Feeding Barry, June 2016
A few weeks ago, I met with the hospice workers and two staff members at Barry’s care center. I wanted to tell them that Barry should no longer be fed. No one should have to live like he is, stuck in bed all day. He is just skin and bones now, weighing under 120 pounds.
I was firm in my resolve to have everyone stop feeding Barry. But first I would head up north for a few days to write, hike and think about it one more time. When I got home, I decided that from then on, the care center workers should bring food to his room and place it in front of him. If he could feed himself, he would eat. We all know that he can’t feed himself, so he wouldn’t get any food at all. I was sure this time that I would not back down on my resolve. I would not chicken out. I thought for certain that I would stick to this decision because earlier that week Barry said to me with a clear and quiet voice, “No more pills.” But could it be that he was just echoing what he may have heard on TV? I wanted to think he was telling me that he was ready to go.
At the meeting, I told them all about my plan for Barry and eating. The hospice nurse tried to explain to me that Barry is not actively dying at this point. So the idea of holding back food is different for him than for someone whose organs are failing. Barry’s organs are working just fine right now. FTD will kill him eventually and he will, in time, totally stop swallowing and that will be the end. But he wasn’t there yet. One nurse turned to me and said that Barry might live another six years! What? Six more years of lying in a damn bed all day with me sitting by his side? She asked me if he could have water or ice chips during this time, and I really didn’t know what to say. She said it should be all or nothing. She said it is difficult for us to know what he would go through, or suffer through, because he is not in his last days.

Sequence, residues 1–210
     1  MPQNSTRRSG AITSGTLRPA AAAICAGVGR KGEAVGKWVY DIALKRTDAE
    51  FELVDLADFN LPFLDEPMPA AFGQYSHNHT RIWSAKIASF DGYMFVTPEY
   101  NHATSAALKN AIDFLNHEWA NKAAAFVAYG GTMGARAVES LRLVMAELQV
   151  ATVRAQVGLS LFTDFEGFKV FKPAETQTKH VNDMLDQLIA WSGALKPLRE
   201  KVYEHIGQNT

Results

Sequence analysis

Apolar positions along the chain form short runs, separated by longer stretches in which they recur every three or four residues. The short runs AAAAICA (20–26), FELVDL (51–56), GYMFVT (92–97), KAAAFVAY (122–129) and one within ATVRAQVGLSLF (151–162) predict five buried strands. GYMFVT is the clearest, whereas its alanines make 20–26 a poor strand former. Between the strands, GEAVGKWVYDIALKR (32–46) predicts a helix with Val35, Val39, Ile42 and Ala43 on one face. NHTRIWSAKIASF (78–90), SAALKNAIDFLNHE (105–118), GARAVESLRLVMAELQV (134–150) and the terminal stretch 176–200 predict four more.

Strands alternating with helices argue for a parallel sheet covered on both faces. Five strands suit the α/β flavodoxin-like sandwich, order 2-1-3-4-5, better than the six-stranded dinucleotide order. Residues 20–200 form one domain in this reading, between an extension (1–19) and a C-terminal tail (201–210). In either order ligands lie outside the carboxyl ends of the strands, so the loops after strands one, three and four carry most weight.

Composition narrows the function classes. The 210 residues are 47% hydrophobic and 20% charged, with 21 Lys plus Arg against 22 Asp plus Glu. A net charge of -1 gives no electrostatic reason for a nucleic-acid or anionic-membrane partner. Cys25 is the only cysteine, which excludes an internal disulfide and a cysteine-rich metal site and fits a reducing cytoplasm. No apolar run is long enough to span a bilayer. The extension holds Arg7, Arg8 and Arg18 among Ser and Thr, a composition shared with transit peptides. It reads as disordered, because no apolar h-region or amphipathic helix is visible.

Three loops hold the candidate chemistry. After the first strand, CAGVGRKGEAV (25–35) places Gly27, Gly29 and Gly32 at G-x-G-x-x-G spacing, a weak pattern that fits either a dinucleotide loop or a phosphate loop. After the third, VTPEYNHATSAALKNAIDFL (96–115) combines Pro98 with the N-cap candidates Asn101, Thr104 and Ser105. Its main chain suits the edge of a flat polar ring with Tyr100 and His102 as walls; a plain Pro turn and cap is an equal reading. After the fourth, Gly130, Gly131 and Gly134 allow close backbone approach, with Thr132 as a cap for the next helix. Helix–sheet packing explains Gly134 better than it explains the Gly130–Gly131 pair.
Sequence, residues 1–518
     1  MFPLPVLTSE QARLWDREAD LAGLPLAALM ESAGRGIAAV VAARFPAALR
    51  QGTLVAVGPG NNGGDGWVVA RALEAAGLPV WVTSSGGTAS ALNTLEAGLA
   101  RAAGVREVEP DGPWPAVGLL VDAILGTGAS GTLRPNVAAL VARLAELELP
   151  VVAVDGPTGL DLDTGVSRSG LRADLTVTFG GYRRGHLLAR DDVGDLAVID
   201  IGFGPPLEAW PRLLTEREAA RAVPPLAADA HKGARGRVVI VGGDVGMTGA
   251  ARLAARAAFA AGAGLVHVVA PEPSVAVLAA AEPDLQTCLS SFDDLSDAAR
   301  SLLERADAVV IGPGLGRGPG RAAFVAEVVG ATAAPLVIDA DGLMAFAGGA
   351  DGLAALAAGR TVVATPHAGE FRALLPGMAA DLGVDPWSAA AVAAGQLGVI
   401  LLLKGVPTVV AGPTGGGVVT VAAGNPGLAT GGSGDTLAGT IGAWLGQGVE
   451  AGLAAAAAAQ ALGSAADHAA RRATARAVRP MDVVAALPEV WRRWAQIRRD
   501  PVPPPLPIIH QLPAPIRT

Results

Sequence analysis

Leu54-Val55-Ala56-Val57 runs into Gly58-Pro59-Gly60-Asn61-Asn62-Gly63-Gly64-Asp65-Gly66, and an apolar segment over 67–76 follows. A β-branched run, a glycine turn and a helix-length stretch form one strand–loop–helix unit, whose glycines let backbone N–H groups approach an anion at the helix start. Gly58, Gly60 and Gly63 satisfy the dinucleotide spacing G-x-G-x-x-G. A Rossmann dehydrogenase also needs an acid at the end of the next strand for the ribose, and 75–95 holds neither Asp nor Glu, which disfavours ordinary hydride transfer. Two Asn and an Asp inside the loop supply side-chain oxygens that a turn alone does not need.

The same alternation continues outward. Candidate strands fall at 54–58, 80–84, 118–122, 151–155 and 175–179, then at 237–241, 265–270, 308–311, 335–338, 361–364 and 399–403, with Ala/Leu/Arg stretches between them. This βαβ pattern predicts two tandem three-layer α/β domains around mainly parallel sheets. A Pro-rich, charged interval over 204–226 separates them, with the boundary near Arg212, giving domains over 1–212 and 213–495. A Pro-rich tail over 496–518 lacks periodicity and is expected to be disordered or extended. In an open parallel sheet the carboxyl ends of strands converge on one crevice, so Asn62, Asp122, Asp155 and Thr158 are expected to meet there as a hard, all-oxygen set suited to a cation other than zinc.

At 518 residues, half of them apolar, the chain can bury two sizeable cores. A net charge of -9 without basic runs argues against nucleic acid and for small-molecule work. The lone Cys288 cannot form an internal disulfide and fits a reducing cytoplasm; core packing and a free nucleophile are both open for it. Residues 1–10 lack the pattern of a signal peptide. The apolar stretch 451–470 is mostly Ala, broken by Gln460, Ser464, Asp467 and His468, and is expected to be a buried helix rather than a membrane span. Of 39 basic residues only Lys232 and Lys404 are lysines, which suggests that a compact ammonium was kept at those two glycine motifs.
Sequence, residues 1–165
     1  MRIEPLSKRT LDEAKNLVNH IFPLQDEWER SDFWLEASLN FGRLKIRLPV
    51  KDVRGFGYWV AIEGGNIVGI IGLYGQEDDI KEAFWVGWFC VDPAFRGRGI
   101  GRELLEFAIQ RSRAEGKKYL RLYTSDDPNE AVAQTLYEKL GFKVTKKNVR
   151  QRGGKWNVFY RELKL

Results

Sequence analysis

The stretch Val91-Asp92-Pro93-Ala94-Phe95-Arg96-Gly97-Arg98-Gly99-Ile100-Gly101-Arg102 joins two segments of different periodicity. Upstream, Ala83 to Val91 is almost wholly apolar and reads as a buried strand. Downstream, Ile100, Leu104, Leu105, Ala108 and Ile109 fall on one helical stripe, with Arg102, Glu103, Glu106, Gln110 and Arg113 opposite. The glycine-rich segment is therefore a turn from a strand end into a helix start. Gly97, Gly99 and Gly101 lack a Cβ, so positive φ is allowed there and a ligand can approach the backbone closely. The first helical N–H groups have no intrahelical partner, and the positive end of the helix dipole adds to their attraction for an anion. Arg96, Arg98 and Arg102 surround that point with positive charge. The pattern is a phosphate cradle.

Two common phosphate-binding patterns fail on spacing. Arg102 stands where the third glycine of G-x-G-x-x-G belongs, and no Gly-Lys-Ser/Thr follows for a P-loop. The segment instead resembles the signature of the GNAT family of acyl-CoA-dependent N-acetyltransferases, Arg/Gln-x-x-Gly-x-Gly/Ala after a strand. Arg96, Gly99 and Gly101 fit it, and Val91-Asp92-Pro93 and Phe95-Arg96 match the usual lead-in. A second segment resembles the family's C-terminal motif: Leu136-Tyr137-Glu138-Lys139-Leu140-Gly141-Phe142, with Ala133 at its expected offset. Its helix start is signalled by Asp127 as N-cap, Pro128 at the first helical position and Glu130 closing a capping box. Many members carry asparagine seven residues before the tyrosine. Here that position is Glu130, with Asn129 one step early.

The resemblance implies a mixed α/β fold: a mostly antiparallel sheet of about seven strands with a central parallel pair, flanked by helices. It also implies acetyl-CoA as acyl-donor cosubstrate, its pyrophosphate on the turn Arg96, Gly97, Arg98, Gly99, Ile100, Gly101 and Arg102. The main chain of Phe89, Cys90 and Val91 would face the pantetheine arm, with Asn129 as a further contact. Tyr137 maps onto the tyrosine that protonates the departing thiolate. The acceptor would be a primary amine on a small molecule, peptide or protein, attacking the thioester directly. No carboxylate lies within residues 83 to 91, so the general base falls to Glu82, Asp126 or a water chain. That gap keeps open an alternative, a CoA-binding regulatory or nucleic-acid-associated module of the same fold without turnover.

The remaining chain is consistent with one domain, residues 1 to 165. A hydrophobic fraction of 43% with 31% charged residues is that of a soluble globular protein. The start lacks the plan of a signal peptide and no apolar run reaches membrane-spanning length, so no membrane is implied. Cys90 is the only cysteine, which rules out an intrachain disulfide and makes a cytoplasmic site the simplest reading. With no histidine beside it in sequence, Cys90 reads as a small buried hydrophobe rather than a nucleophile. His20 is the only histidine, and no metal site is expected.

They explained that withholding food in these circumstances must be approved by the care center administration. Wow, my head was spinning, I became confused again. My initial strength and determination withered away as the hospice person explained the difference between someone in their last hours or days and Barry’s current status. He apparently is not in his last few days.
The next day, I went back up north to think about it all, again. I left knowing that I might not have the guts to stop his food. I kept asking myself what if he really wants the food but can’t reach for it? What if he suffers more and longer? What if he really feels hungry? Barry hated to be hungry and would nearly faint if he didn’t have food every few hours.
I was once again trying to figure out what to do. I don’t know how strong Barry’s will to live is. I think I know what he would want me to do — but am I totally sure about that? So I am back to where I started, totally confused, frustrated and uncertain. I never thought this would be so hard.
As I hiked up north thinking about all this, I looked for some sign pointing to what I should do. But instead I saw beautiful wildflowers everywhere and the Northern Lights. If these are signs, what are they telling me?
When I got home from up north, I went to see Barry and he actually grabbed my arm and held on. What was he trying to tell me? All the questions I had about what I should do with his feeding were answered in a simple talk with his nurse, a man from Kenya. I told him I was pretty sure I was not going to stop feeding Barry now. He said, “That is good because Barry is not done yet on earth. There are still somethings he needs to do. When those things are done he will go.”
I replied, “Do what? He can’t even get out of bed.” The nurse continued, “Barry knows more than you know. He needs to take care of things in his mind. There are still somethings he needs to teach you, as well. You are still learning. When that is done, he will go.” Then he added, “You need to be patient.”
All the hiking in the world would not have brought me to this place of peace that came after a simple talk with this wise man. I know now that I will wait and continue to feed Barry. I need to let him finish whatever it is he needs to do, and I will be there, learning and waiting right along with him.